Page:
FIG. 21 is a graph showing an example of a color gamut represented by the background color gamut table. In order to accurately divide the region obtained by reading the background image from the synthesizing region 124, the controller 72 has to store the color gamut of the pixels read from the sample patterns 91, 93, 95 and 97 which conform to the color gamut of the background image. Therefore, a modeling becomes necessary for storing the color gamut of the pixels read from the sample patterns 91, 93, 95 and 97 in a limited capacity of the RAM 74. As the sample patterns 91, 93, 95 and 97 and the background image are printed as images of a single hue of cyan, in the image obtained by reading the sample patterns 91, 93, 95 and 97, theoretically, only the R channel will have a tone, and the B and G channels will have the tone characteristics of a fixed value (for example, 255/255). However, actually, due to separation accuracy, a difference in device color between the scanning unit 50 is and the printing unit 70, and the like, a tone also appears in the B and G channels of the image obtained by reading the sample patterns 91, 93, 95 and 97. However, the B and G channel tones are strongly correlated with the R channel tone, and have the characteristic of varying only within a narrow width. Therefore, the controller 72, by storing a distribution method of the B and G channel tones with respect to the R channel tone, can store the color gamut of the pixels read from the sample patterns 91, 93, 95 and 97, which conform to the color gamut of the background image, in a small capacity. Specifically, for example, the controller 72, by examining three R, G and B channel values of the images in the sampling regions 120 and 122 on a pixel to pixel basis and calculating the range of distribution of the G and B channels with respect to an arbitrary R channel value having as a median the mean value of each of the G and B channels with respect to the arbitrary R channel value, can store the color gamut of the pixels read from the sample patterns 91 93, 95 and 97. A detailed description will hereafter be given based on a flowchart.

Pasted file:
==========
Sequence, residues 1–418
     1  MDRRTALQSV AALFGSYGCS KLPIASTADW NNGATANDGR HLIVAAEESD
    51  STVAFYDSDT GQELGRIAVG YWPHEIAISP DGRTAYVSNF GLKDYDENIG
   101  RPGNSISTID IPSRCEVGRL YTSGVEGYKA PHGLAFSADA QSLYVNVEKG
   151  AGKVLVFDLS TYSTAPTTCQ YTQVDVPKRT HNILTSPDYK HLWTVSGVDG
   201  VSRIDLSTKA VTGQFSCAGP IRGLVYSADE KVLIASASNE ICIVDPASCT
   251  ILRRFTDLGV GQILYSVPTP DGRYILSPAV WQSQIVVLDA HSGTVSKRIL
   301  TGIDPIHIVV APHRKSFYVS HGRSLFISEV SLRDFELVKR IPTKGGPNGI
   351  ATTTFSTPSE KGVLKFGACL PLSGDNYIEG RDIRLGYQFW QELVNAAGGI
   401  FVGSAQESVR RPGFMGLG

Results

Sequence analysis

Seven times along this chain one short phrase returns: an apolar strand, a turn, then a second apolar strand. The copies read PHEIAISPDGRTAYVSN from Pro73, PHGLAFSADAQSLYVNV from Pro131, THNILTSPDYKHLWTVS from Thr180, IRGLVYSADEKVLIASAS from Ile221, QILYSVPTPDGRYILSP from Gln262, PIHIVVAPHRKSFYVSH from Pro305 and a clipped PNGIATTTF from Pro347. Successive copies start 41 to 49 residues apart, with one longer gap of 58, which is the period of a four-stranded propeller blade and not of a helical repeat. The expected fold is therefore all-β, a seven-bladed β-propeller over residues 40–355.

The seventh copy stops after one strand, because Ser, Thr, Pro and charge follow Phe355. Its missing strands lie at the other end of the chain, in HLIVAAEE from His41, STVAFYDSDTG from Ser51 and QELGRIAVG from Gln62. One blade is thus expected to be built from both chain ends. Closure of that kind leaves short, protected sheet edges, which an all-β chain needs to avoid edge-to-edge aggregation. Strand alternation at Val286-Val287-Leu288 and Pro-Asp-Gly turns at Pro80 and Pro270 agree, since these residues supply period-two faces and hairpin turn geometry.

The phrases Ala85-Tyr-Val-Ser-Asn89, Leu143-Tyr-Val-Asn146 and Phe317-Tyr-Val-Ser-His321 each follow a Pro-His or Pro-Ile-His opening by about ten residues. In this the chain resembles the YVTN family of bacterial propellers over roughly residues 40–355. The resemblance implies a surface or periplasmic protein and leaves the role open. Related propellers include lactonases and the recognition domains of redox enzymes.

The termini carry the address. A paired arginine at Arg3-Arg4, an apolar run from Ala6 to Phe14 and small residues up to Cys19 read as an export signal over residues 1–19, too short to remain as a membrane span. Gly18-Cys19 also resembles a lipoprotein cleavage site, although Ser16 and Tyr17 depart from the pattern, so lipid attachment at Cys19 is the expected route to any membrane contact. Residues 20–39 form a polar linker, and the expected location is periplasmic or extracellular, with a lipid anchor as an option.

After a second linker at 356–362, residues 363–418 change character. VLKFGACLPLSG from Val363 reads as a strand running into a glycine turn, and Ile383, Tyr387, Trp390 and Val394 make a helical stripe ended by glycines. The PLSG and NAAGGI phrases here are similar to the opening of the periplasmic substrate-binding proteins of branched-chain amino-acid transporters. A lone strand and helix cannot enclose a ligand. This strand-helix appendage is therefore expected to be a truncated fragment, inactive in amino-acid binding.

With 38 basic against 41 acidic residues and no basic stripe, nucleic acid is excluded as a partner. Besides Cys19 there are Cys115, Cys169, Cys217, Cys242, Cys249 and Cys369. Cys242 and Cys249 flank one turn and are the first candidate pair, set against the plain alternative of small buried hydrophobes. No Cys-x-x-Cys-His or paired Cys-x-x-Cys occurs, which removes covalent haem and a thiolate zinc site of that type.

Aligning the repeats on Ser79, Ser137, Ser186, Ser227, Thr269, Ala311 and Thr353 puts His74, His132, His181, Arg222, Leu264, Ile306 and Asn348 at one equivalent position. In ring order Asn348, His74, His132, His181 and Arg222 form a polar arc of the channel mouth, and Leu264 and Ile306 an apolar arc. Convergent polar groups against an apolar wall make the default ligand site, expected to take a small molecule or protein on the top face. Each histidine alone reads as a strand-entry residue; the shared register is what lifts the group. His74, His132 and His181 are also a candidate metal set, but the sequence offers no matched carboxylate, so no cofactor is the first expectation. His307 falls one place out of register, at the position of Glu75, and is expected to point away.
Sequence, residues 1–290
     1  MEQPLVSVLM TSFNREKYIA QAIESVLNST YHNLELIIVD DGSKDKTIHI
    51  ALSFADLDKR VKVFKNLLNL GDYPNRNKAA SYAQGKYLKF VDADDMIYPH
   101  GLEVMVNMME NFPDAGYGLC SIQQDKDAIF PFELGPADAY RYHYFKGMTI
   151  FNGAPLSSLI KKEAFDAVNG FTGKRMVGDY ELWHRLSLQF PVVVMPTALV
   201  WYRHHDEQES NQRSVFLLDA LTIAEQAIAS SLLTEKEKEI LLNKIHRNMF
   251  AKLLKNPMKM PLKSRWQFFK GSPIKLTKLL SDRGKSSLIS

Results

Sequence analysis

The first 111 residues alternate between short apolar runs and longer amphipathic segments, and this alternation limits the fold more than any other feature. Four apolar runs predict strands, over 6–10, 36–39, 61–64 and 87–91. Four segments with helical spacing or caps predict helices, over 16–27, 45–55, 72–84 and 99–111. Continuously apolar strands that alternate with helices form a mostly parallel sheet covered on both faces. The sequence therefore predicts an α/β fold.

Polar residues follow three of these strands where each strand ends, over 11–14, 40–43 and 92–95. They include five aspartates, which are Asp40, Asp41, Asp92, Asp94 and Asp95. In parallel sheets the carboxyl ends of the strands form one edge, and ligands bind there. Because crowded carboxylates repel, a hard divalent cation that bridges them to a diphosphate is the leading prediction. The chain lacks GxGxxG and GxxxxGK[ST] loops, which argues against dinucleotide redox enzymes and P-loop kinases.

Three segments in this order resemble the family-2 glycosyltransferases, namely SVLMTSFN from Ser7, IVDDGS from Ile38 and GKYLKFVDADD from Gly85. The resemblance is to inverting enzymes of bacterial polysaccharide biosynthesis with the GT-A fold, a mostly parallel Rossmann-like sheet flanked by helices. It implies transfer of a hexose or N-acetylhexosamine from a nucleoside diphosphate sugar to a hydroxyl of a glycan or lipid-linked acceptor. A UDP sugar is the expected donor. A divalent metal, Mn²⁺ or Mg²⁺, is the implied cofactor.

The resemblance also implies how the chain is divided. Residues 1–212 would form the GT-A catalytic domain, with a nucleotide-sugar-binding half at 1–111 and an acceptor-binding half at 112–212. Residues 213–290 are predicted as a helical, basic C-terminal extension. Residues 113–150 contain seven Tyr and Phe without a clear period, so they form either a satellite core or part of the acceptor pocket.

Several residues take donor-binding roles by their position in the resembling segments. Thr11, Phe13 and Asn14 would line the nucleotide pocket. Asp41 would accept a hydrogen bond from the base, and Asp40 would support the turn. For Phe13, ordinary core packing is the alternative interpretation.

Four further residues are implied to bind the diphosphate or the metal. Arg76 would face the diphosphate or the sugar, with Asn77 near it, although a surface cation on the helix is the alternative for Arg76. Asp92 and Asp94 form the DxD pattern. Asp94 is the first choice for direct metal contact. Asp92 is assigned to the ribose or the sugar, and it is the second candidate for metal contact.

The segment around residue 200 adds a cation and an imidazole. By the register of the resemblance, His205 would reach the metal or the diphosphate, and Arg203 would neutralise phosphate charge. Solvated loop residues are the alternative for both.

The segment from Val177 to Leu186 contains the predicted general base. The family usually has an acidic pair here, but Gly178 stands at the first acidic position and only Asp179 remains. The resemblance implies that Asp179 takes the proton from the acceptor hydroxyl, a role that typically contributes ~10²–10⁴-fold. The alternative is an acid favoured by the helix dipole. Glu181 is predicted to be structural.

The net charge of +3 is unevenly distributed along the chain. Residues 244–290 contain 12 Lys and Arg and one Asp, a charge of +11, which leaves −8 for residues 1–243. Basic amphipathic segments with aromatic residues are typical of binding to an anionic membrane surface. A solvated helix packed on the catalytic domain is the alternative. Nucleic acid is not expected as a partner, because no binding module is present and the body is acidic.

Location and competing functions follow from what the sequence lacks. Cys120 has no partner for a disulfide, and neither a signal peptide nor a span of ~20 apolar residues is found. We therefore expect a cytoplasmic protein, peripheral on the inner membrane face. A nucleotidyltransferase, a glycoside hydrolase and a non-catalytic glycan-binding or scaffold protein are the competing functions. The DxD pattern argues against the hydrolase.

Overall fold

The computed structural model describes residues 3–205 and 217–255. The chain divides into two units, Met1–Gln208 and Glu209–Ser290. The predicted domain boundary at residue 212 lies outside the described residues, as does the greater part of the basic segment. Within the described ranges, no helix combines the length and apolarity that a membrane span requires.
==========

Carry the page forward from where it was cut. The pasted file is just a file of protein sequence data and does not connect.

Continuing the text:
FIG. 22 is a flowchart showing a flow of a background color gamut table generating process. FIG. 23 is a schematic view showing an example of the sampling regions 120 and 122 of an image read from the order sheet in a case in which the handwritten element is entered on the sample patterns 95 and 97. FIG. 24 is a graph showing a distribution of a B level with respect to an arbitrary R level of pixels forming the sampling regions 120 and 122 in a case in which the handwritten element is entered on the sample patterns 95 and 97, that is, of the pixels read from the sample patterns 91, 93, 95 and 97.

First, the controller 72, after resetting a frequency NUM (R), a total G level GSUM (R), a total B level BSUM (R), a G level average GAV(R), a B level average GAV(R), a G maximum level GMAX(R), a G minimum level GMIN(R), a B maximum level BMAX(R), and a B minimum level BMIN(R) for all the R levels (step S600), repeats the following process with respect to all the pixels read from the sampling regions 120 and 122 at the full-color high resolution (step S602).